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Putting the OT into RemOTe Work

For OT conference

Steph Maynard

on 12 September 2012

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Transcript of Putting the OT into RemOTe Work

Into RemOTe Work Putting the OT Objectives To share my reflections of how an occupational lens can be used in remote contexts to understand health and wellbeing
To discuss occupational justice in the context of youth living in remote Aboriginal communities in Cape York What is Occupational Justice? Humans are Occupational Beings Occupations are the practical means by which humans exert citizen empowerment, choice, and control
Occupational justice is concerned with economic, political and social forces that create equitable opportunity and the means to choose, organise and perform occupations that people find useful or meaningful in their environment. Occupational and Social Justice? Occupational justice appears to complement and extend understandings of social justice
Where social justice might address freedom to choose where and how to live, from an occupational perspective the underlying concerns is whether choices are available for all populations to experience meaning and enrichment as they participate in occupations Occupational Justice Occupational deprivation “a state of prolonged preclusion from engagement in occupations of necessity and/or meaning due to factors that stand outside the control of the individual”. Can be due to isolation Occupational alienation a prolonged experiences of disconnectedness, isolation, emptiness, lack of a sense of identity, a limited or confined expression of spirit, or a sense of meaninglessness. may be a community or population experience of spiritual emptiness or lack of positive identity World Federation of Occupational Therapists Position Statement on Human Rights People have the right to participate in a range of occupations that enable them to flourish, fulfill their potential and experience satisfaction in a way consistent with their culture and beliefs People have the right to be supported to participate in occupation, and, through engaging in occupation, to be included and valued as members of their family, community and society Global conditions that threaten the right to occupation include poverty, disease, social discrimination, displacement, natural and man-made disasters and armed conflict. Cape York context Young people living in remote places in the context of Occupational deprivation Culture Age-appropriate Disengagement School Family Peers Art Culture Community Elders Sports Fishing Hunting Dance = the opposite of meaningful participation Life trajectory Early occupational alienation can have a massive impact e.g. disengagement from school If young people are disengaged... From school, the community, and each other... How can they participate in their community or in the larger society? When occupationally deprived, having a legitimate voice in the community is difficult if not impossible. This is when non-legitimate occupations (crime, drugs, etc) can become attractive alternatives from an occupational standpoint And young people are not the only ones Communities that experience widespread occupational alienation Within a historical context Using an occupational lens... What are the occupational implications for... hunter-gatherer cultures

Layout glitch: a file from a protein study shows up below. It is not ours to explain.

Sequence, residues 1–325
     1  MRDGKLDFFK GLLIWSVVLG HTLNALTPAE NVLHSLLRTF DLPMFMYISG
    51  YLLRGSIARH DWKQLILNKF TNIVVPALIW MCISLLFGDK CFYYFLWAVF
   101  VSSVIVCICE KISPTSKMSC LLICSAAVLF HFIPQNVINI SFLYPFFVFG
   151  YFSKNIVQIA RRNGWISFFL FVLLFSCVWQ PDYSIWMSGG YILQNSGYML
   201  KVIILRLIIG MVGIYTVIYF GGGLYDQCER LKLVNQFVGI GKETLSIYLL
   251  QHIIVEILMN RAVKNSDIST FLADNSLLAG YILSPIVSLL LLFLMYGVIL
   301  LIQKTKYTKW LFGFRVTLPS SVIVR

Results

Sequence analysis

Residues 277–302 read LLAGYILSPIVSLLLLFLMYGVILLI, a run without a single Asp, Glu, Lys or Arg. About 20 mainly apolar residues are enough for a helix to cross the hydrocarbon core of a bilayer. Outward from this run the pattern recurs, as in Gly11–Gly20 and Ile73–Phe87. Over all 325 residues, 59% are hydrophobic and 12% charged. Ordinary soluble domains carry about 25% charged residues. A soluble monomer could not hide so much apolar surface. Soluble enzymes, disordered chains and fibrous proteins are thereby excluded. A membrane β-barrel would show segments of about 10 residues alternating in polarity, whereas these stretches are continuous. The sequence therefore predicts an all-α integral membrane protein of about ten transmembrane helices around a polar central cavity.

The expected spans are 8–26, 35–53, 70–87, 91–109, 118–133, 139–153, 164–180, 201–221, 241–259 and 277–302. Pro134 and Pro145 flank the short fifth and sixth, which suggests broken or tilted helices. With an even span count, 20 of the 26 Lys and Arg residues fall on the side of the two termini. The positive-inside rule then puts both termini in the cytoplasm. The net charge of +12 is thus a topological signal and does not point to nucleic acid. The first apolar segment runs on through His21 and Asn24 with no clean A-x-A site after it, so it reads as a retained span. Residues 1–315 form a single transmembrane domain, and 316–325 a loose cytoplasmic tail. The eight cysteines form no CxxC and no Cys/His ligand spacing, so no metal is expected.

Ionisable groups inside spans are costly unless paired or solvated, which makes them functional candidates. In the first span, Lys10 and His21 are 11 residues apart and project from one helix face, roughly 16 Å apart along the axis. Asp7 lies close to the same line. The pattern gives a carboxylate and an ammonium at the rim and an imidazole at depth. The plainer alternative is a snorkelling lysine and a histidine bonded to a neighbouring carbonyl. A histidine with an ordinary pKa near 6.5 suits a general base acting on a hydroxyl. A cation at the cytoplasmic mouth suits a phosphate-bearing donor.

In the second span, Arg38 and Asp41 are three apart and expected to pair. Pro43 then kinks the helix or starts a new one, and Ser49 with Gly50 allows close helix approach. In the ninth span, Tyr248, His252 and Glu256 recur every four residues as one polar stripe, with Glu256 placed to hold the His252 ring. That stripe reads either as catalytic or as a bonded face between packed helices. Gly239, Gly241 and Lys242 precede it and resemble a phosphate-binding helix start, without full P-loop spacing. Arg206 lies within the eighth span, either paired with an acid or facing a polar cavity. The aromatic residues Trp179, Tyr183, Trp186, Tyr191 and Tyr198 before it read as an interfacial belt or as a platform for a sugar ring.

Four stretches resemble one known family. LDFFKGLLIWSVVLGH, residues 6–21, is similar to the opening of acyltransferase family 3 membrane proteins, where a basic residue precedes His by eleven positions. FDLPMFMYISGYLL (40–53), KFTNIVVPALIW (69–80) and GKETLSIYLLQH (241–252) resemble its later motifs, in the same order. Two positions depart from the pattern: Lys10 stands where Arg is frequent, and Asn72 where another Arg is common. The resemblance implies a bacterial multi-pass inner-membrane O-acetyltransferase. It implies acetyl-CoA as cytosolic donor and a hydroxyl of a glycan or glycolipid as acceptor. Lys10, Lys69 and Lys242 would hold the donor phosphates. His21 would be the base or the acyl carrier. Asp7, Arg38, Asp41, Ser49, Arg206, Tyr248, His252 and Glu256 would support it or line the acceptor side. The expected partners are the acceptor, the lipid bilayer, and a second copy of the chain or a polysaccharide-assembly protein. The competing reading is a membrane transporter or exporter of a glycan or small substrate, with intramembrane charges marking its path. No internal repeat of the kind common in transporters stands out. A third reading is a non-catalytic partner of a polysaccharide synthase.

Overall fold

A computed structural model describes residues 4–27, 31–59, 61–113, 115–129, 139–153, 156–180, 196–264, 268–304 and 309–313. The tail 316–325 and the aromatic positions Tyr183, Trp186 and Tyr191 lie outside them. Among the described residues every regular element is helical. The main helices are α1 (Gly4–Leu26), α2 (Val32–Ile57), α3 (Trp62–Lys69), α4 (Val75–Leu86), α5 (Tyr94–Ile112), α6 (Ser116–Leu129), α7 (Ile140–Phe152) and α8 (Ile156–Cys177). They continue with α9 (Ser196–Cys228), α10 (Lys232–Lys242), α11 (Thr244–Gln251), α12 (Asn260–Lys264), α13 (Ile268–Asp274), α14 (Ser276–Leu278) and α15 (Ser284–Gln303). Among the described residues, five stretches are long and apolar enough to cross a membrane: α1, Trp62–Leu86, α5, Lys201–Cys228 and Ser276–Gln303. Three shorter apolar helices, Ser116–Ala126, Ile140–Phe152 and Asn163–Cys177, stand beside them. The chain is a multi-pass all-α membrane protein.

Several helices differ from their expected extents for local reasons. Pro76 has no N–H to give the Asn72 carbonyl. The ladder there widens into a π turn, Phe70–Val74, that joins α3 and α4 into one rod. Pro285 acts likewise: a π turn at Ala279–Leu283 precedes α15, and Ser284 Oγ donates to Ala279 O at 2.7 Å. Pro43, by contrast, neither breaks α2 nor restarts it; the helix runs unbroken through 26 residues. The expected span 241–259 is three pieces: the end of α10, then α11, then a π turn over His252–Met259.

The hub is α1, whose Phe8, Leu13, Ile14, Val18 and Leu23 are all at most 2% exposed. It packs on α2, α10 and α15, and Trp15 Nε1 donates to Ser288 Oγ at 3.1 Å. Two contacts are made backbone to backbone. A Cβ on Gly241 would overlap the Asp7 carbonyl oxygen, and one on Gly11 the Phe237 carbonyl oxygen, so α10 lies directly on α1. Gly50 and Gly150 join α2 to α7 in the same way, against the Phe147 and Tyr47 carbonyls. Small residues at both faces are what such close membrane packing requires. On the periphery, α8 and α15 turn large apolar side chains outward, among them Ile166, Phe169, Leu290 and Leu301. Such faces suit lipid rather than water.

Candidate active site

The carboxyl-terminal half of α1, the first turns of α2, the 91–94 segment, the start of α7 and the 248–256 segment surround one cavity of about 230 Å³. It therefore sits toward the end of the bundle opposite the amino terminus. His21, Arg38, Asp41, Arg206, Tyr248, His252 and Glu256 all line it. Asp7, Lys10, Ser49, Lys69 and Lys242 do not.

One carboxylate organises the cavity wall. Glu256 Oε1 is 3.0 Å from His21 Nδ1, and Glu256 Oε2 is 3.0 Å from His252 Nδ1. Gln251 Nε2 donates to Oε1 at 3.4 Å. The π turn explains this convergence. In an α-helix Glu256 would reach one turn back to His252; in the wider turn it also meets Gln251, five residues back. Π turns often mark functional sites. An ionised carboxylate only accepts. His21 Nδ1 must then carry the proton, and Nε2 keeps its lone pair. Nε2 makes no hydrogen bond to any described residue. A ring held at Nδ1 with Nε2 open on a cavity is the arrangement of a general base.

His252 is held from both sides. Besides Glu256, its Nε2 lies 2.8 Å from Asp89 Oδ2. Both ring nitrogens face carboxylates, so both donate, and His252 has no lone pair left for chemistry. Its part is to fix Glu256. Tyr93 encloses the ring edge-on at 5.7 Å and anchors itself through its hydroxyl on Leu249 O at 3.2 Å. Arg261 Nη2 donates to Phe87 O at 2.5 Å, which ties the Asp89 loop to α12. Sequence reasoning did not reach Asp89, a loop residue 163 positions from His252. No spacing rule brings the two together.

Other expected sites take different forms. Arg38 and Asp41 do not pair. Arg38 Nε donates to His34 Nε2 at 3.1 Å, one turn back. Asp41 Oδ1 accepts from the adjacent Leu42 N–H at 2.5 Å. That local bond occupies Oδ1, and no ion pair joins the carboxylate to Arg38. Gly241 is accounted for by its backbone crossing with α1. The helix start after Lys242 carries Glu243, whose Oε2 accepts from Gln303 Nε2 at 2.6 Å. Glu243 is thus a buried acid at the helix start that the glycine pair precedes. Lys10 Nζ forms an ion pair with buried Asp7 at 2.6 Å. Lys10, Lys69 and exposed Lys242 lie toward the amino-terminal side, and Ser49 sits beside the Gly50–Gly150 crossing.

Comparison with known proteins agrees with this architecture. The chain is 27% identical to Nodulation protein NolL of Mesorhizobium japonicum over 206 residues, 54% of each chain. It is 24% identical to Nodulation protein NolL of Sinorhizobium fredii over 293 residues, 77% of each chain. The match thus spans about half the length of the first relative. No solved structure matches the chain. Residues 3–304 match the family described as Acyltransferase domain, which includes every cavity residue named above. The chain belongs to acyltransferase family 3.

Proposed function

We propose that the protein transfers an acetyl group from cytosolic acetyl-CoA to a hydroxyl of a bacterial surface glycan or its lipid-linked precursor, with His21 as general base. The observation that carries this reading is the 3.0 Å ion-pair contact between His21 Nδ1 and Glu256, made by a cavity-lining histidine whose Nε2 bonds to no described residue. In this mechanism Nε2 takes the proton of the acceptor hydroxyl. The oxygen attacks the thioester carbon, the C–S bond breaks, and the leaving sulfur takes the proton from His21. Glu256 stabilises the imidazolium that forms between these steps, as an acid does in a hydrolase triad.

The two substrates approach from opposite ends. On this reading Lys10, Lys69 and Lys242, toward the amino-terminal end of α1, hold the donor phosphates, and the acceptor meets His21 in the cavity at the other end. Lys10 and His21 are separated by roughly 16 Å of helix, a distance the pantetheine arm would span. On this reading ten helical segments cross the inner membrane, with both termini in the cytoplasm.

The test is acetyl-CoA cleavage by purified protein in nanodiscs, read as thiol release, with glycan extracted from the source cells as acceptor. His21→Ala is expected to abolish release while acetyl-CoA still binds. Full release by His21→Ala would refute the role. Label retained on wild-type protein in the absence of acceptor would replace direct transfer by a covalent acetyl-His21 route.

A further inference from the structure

displaced people
stolen generations
ration based and welfare based economies Overview what is occupational justice? Reflections of occupational deprivation and alienation of young people Disengagement = the opposite of meaningful participation In context Young people Indigenous communities on where a young person is heading....
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